In the aftermath of a surprise attack by Egypt and Syria that overwhelmed Israeli forces in 1973, a special commission was convened to determine what went wrong. Its report so shook Israel’s political establishment that Prime Minister Golda Meir resigned.
In the wake of a Lebanese Christian militia’s massacre of Palestinians, in 1982, a blue-ribbon study group’s report sparked such uproar in Israel (which was aligned with Christian forces during the Lebanese civil war) that then–defense minister Ariel Sharon was forced to resign. He was thereupon thrust into the political margin for 15 years.
Several days ago, the preliminary report of another official commission lambasted the conception and conduct of Prime Minister Ehud Olmert’s recent war against the Lebanese militia Hezbollah, raising doubts that the wildly unpopular Olmert can remain in office.
Comparing and contrasting the workings of a parliamentary system such as Israel’s, where the executive and legislative are interwoven, with that of the United States’s, where the executive is distinct from the legislative, is tricky business. The two forms of government are like apples and oranges. But they do have at least one thing in common: they are both fruit. And it is hard to escape the conclusion that Israel does a better job of dealing with its rotten fruit than does the US.
It has been four years since President George W. Bush declared America’s “mission accomplished” in Iraq. To mark the anniversary of that occasion, Bush vetoed the congressional spending bill that would have tied continued funding for the Iraq War to a timetable for withdrawal. Congress is expected to acquiesce; there is little chance it will override Bush’s veto. Nevertheless, it is the closest that Congress has come to cancelling the blank check it gave Bush when it authorized his ill-conceived war.
Little noticed but perhaps just as significant as this recent — and rare — display of congressional backbone is the news that National Review founder William F. Buckley, the godfather of the American conservative movement that gave us Barry Goldwater and Ronald Reagan (as well as George W. Bush), has warned that the Iraq War could destroy the Republican Party for years to come. Even those of us who would relish that prospect recognize that the international havoc that the war in Iraq has engendered — especially Iran’s accelerated push to develop nuclear weapons — is too high a price to pay. Yet Bush persists.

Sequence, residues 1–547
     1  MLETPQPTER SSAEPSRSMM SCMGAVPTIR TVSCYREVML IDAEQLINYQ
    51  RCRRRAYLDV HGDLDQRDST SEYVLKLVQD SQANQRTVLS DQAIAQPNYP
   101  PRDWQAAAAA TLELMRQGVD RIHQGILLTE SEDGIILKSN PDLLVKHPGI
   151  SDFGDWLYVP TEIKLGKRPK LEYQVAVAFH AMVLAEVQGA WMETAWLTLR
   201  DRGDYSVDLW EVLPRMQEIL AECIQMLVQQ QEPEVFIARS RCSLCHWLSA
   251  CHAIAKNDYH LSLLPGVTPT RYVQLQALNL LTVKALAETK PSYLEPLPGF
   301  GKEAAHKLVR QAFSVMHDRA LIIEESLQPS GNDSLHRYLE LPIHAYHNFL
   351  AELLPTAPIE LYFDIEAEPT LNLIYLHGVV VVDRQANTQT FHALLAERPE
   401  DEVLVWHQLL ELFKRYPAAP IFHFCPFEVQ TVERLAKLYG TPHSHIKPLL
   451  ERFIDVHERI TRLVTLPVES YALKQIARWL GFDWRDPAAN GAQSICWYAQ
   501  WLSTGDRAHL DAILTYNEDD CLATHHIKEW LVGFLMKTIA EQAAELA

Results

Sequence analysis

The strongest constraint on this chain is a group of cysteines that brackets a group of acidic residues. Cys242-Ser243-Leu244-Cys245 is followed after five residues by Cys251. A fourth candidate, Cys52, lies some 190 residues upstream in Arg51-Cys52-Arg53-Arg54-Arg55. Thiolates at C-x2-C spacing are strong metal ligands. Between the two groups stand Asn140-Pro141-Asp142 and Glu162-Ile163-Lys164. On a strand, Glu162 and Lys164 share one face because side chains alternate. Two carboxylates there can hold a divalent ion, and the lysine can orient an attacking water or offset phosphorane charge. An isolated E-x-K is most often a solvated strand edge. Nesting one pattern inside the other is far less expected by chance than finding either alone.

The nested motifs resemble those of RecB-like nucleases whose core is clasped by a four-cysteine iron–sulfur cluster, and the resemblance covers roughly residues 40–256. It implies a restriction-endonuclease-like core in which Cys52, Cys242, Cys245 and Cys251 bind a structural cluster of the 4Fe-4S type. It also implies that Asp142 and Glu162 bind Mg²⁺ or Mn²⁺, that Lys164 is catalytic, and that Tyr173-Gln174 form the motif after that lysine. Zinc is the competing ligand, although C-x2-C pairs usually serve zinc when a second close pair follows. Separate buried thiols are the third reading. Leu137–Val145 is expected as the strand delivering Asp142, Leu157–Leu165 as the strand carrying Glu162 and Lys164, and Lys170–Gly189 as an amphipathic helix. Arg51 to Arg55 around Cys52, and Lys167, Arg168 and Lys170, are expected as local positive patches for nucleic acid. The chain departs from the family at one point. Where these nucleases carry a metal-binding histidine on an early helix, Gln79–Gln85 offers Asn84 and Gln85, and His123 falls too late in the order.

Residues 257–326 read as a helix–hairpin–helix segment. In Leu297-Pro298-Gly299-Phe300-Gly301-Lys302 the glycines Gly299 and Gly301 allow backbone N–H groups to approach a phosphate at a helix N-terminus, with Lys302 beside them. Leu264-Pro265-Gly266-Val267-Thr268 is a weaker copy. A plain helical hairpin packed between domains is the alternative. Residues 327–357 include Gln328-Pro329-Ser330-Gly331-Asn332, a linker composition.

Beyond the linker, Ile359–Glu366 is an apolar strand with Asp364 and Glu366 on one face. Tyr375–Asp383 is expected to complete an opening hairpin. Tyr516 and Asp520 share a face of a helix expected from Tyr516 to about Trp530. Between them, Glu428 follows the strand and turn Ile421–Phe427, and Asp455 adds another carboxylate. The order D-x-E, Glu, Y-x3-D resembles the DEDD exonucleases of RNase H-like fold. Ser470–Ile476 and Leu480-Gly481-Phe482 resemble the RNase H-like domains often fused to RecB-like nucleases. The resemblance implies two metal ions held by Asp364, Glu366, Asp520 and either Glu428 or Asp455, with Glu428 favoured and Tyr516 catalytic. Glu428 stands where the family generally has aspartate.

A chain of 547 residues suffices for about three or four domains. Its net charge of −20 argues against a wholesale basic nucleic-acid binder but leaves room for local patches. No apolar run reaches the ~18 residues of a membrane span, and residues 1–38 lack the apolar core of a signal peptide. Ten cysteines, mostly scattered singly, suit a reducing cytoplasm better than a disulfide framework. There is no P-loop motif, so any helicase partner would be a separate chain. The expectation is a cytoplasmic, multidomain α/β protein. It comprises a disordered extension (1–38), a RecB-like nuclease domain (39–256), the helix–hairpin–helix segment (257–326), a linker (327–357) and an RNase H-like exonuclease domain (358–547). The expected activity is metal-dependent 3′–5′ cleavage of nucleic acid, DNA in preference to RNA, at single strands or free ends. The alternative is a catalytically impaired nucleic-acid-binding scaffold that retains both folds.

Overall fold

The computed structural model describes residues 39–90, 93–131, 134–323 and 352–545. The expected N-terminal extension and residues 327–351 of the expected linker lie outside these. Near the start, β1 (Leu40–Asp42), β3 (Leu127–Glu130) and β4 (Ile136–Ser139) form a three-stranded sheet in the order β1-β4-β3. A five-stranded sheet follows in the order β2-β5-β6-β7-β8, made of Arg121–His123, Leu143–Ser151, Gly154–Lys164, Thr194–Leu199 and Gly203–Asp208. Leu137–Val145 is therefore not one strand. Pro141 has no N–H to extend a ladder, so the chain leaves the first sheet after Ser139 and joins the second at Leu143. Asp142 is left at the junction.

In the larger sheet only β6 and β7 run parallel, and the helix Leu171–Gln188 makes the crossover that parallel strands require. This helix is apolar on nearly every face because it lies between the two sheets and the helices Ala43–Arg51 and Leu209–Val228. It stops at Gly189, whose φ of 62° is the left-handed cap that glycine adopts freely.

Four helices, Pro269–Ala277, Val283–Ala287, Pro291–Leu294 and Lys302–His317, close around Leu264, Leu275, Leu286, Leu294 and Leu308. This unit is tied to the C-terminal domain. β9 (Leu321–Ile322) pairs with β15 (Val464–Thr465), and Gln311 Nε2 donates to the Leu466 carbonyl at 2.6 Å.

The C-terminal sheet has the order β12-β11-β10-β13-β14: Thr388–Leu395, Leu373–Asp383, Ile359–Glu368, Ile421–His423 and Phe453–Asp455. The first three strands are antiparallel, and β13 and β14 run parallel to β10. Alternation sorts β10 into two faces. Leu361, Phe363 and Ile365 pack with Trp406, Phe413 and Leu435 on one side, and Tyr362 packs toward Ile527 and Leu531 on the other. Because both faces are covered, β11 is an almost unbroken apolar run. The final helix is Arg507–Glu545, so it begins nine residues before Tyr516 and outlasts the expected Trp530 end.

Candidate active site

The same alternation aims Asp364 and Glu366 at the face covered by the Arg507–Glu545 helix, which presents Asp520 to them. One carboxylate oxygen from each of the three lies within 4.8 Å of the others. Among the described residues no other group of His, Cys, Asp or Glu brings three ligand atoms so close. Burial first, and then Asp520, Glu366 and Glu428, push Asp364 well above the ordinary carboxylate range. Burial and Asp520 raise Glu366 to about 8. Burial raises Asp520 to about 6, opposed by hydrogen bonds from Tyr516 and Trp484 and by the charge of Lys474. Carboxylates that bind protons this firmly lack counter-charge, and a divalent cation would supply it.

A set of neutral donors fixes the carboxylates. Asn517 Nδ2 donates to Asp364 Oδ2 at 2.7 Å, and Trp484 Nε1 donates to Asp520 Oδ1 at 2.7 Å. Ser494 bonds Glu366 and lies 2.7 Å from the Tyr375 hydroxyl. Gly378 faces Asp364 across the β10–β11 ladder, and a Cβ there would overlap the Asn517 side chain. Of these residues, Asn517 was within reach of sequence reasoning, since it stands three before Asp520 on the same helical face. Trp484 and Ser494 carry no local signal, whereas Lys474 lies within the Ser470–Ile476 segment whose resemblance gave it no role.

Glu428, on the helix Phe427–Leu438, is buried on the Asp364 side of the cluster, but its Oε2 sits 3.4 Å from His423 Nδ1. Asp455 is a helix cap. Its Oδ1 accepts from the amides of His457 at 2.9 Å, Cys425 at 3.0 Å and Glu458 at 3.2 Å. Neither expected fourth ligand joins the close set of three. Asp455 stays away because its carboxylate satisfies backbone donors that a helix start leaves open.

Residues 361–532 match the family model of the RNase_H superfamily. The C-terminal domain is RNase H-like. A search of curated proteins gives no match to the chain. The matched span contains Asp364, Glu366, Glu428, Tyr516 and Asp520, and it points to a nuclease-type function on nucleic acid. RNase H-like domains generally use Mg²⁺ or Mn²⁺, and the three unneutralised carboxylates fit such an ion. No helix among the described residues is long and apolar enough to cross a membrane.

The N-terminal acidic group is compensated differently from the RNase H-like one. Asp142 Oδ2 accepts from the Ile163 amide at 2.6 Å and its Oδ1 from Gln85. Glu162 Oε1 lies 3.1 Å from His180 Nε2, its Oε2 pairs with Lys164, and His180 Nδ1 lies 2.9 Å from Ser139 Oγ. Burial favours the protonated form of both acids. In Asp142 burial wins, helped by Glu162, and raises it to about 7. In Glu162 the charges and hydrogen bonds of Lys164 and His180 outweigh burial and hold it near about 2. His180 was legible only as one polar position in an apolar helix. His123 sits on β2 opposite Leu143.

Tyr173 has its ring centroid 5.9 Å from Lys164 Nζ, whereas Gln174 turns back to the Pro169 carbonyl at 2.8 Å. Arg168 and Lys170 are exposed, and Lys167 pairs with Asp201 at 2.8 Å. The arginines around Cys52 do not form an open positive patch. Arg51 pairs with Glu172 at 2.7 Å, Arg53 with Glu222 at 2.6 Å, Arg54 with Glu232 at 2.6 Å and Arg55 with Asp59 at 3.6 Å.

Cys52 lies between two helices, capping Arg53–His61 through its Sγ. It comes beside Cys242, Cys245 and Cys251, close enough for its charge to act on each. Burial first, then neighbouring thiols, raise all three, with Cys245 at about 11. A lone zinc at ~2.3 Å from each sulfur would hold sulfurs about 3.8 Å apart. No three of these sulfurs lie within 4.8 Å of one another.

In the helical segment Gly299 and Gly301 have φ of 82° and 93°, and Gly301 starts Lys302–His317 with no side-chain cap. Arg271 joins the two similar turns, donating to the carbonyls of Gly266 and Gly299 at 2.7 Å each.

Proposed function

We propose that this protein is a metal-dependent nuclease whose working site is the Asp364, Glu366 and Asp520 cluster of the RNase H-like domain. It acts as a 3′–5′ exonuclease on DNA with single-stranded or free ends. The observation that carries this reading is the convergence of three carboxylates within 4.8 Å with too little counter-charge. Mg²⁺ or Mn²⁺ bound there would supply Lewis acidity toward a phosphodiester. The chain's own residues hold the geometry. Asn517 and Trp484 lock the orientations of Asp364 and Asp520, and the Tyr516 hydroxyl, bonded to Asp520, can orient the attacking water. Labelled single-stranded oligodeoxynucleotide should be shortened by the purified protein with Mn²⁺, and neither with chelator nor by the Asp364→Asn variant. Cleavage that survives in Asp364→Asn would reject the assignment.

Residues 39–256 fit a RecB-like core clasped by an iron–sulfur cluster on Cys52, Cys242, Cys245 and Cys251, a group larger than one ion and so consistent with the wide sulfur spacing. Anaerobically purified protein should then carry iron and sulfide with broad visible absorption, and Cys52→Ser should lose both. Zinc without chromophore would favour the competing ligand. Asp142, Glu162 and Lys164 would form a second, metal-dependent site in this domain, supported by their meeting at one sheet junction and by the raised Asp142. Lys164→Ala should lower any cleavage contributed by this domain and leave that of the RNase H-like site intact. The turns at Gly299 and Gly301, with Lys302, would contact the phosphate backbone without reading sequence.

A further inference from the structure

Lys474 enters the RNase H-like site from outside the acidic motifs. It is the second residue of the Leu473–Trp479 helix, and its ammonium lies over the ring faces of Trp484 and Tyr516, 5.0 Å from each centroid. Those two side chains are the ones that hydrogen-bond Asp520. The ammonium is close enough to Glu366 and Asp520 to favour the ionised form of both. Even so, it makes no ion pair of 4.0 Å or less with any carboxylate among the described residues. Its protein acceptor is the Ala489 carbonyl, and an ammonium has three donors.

Bush is insulated from his delusions by two factors. One is the rise of the so-called national-security bureaucracy that in the 60-plus years since the end of World War II has become a law unto itself, giving us first Vietnam and now Iraq, and is proving itself to be sufficiently muscular to resist feeble congressional attempts to check its power. And then there is the thorny issue of the all-voluntary military, invented by Richard Nixon as a domestic palliative to soothe a nation increasingly disenchanted with his expansion of the Vietnam War. We are not calling for a return of the draft. To do so now would be to provide Bush with a larger supply of cannon fodder. America, however, must realize that by concentrating the burden of fighting this nation’s wars on a self-selected few, it has abandoned the political check on a war-waging president that builds when a military drawn from the general population is caught in a quagmire. The fact that Israel — still threatened by Syria, menaced by Iran, and targeted by Hezbollah and Hamas — is defended by a true citizen military means that military blunders quickly become major political issues. That is why the commission that has pronounced on Olmert’s blunders will matter, as opposed to the polite, well-meaning report issued by the now almost-forgotten recommendations of the Iraq Study Group, chaired by James A. Baker and Lee Hamilton.